On Feb. 22, 2010, four months before Arroyo’s term as president ended, China sent a note verbale to the Philippines expressing its “strong objection and indignation” over the Arroyo administration’s award of a service contract to Forum Energy, an oil and gas company, for the exploration of Recto Bank, internationally known as Reed Bank.
AJ Bolando/philstar.com
Fact check: No tension in South China Sea during Arroyo administration?
(Vera Files) - April 24, 2017 - 11:10am
(Vera Files) — Former Solicitor General Estelito Mendoza said there was “relative quiet and peace” in South China Sea during the Arroyo administration.
 
At the launch of his primer on the West Philippine Sea Thursday, Mendoza, together with former president Gloria Macapagal-Arroyo and her executive secretary Eduardo Ermita, said the situation with China was never hostile when Arroyo was president, unlike the time of former President Benigno Aquino III.
 

Statement

What is catching the attention, not only of the countries bordering the South China Sea, is practically the continuing tension in the South China Sea, the posturing of the naval might of the United States, of China, or other countries. That did not exist during the Arroyo administration. There was relative quiet and peace.

Fact?

No.
 
On Feb. 22, 2010, four months before Arroyo’s term as president ended, China sent a note verbale to the Philippines expressing its “strong objection and indignation” over the Arroyo administration’s award of a service contract to Forum Energy, an oil and gas company, for the exploration of Recto Bank, internationally known as Reed Bank.
 
A note verbale is a kind of a diplomatic note used for correspondence between two governments. Written in the third person, it is used to inform governments about a fact, a state’s position and initiating or requesting specific action.
 
 
Earlier that month, the Department of Energy (DOE) converted Forum Energy’s 2002 Geophysical Survey Exploration Contract (GSEC, in this case known as GSEC 101) to a service contract (Service Contract 72 or SC 72) which eventually led to commercial operations in Reed Bank.
 
China demanded that the service contract be withdrawn, as it claimed jurisdiction over Spratly Islands where it alleged Reed Bank is found. China argued that it has indisputable sovereignty, sovereign rights and jurisdiction over Nansha (Spratly) Islands and its adjacent waters.
 
It said the area covered by GSEC 101 is in the waters of China's Nansha (Spratly) Islands. As such, the act of the Philippines awarding the contract to Forum Energy has seriously infringed upon China's sovereignty and sovereign rights and goes contrary to its commitments on the South China Sea issue and to the maintenance of peace and stability in the area. The act, they said, is illegal, null and void.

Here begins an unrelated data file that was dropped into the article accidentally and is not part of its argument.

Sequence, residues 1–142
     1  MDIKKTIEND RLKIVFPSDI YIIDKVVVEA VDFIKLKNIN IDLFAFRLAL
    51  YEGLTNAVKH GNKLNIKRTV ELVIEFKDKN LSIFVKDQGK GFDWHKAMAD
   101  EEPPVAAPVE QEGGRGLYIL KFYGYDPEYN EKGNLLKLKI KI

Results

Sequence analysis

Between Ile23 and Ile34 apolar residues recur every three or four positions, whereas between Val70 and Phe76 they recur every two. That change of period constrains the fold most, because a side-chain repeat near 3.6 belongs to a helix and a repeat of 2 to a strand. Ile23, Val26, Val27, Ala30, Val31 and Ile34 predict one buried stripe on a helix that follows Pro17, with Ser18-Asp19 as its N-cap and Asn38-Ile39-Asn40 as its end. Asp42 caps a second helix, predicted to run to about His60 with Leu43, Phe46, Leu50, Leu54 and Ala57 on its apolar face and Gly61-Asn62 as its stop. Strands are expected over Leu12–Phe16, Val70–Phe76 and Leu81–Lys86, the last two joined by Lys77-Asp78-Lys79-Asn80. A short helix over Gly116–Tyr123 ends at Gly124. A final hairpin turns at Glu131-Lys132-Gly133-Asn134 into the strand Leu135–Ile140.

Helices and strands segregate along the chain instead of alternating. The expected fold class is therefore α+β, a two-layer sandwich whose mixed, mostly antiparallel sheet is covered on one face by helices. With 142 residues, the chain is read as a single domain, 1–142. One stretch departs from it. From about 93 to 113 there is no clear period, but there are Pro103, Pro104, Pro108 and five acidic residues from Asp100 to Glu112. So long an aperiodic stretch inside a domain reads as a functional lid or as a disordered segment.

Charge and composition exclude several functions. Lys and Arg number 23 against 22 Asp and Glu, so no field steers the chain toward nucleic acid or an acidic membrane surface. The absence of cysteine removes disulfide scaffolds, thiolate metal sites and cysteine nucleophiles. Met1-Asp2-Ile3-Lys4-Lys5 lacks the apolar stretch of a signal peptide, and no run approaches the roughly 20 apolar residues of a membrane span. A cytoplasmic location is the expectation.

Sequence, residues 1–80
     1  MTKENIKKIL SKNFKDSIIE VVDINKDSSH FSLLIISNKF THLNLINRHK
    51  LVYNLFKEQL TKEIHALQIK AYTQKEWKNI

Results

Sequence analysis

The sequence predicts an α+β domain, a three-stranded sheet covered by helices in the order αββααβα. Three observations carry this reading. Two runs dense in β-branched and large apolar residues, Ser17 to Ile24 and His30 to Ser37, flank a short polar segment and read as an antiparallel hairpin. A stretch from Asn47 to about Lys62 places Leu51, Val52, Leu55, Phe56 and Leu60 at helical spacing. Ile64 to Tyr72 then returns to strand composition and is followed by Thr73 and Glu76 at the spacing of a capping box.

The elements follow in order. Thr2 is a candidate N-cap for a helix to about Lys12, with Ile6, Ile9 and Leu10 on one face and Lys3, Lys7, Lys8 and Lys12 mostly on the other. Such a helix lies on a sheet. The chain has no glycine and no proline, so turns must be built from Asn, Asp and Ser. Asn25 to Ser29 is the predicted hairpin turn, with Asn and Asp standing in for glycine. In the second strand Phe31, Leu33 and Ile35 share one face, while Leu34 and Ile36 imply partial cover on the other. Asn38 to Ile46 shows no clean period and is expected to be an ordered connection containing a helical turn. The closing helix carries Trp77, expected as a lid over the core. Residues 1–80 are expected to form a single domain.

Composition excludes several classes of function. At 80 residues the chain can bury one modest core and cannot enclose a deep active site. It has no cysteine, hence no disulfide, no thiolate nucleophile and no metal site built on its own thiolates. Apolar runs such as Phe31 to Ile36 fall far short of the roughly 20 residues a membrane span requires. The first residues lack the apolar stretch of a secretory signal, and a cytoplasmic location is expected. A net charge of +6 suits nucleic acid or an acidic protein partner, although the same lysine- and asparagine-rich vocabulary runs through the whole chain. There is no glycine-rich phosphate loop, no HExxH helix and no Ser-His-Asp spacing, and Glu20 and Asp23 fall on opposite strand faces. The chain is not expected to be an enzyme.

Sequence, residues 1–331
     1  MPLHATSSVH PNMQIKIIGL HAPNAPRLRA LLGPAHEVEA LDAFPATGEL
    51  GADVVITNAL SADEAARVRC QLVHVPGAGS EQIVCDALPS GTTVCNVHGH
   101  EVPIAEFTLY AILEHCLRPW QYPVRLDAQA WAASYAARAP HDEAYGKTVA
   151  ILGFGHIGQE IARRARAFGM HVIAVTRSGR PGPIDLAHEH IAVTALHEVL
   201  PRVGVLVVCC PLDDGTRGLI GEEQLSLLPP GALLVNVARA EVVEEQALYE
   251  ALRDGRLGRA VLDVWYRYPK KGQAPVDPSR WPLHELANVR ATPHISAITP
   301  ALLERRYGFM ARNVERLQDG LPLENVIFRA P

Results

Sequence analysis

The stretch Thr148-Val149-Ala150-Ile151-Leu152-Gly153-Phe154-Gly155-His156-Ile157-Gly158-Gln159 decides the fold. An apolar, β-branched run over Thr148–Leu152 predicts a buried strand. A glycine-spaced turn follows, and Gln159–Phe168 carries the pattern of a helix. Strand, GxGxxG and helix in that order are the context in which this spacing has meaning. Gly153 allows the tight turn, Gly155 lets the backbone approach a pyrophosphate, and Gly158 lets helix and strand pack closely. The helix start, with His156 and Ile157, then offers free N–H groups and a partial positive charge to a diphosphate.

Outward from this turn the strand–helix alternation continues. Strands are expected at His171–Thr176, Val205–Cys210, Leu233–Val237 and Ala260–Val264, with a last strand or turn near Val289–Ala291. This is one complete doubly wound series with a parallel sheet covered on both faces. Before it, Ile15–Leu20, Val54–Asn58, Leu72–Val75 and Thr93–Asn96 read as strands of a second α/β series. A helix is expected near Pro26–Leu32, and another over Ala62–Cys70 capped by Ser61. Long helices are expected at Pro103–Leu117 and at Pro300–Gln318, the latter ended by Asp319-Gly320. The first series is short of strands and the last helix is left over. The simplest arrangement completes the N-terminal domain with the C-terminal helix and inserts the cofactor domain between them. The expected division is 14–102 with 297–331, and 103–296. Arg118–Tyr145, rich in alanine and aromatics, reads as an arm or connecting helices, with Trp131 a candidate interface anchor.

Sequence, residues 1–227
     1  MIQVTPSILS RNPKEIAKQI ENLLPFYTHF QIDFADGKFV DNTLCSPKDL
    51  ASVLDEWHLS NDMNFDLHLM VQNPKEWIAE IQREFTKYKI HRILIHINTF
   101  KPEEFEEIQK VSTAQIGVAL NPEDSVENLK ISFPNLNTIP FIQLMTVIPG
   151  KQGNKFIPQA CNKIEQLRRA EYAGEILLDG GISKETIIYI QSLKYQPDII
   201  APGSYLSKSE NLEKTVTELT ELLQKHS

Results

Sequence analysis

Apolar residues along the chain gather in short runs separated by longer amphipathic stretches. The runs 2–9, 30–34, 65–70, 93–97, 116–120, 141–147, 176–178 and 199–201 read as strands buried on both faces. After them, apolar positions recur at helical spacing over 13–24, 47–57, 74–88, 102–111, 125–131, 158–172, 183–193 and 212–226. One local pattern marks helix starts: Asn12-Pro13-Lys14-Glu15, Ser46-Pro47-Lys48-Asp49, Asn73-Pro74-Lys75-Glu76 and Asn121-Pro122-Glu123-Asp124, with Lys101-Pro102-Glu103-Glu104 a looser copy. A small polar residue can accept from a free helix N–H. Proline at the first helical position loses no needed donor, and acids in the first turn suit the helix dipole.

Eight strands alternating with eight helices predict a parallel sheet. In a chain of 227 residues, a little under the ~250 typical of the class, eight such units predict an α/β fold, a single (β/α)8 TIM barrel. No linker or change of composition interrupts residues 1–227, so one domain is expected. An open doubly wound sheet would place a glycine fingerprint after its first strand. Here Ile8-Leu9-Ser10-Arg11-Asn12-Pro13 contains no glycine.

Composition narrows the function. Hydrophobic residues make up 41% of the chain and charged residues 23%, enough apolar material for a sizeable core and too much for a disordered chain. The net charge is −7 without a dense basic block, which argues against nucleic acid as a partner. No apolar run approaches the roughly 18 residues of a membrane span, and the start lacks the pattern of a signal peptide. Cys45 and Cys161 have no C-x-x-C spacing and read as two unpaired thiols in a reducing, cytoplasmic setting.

China sent another note verbale on May 13, 2010, a month before Arroyo’s term expired, reiterating its objection to the exploration.
 
The Philippines never replied to these diplomatic notes until April 2011, when Aquino was already in power, after Chinese vessels harassed Forum Energy’s seismic survey vessel going around the Reed Bank.
 
A month earlier, in a meeting with the Department of Foreign Affairs, the charge? d’affaires of the Chinese Embassy said the Philippines reneged on its commitment to China made during the Arroyo administration, regarding the exploration on Reed Bank.
 

Backstory

Reed Bank is located about 85 nautical miles west of Puerto Princesa. It is part of Palawan. Completely submerged underwater and a continental shelf by definition, it is within the country’s 200-nautical-mile exclusive economic zone. The Malampaya gas field is adjacent to Reed Bank.
 
Reed Bank falls within the area defined by the United Nations Convention on the Law of the Sea (UNCLOS) as part of the territory of a coastal state which has the sovereign right to explore, exploit, conserve and manage the natural resources found there.UNCLOS) as part of the territory of a coastal state which has the sovereign right to explore, exploit, conserve and manage the natural resources found there.
 
Vietnam, Taiwan and China also claim Reed Bank, where oil and gas deposits abound: 1.035 million hectares of potential gas field worth some $23.2 billion, according to DOE estimates.
 
China included it in its nine-dash-line map, which covers almost the entire South China Sea. They have made repeated representations to the Philippines regarding the GSEC 101 issue since 2002.
 
In 2007, 2009 and February 2010, former Foreign Affairs Secretary Alberto Romulo assured China that the Philippine government will not grant Forum Energy the conversion of GSEC 101 into a service contract. Romulo said that GSEC 101 will not be an issue in the two countries’ relations.
 

The location of Forum Energy’s GSEC 101 in the Reed Bank. South China Sea Arbitration award of July 12, 2016

However, the Philippines went against its commitment and converted GSEC 101 into a service contract in February 2010 when it gave the company SC 72, a seven-year exploration contract that can be extended by three years. The contract includes a 25-year production period which can be extended by another 15 years.
 
China has moved for the cancellation of the contract since then, prompting a reply from the Philippines in April 2011, a month after the incident with the Chinese vessels and all exploration activities in the area were stopped. 
 
Michael T. Toledo, Philex senior vice president for corporate affairs, told VERA Files last year that Philex is waiting for the government’s instruction on SC 72 and exploration in Reed Bank. Philex Mining owns 64.79 percent of Philex Petroleum Corporation (PPC). PPC in turn, owns 64.5 percent of Forum Energy.

GLORIA ARROYO SOUTH CHINA SEA DISPUTE
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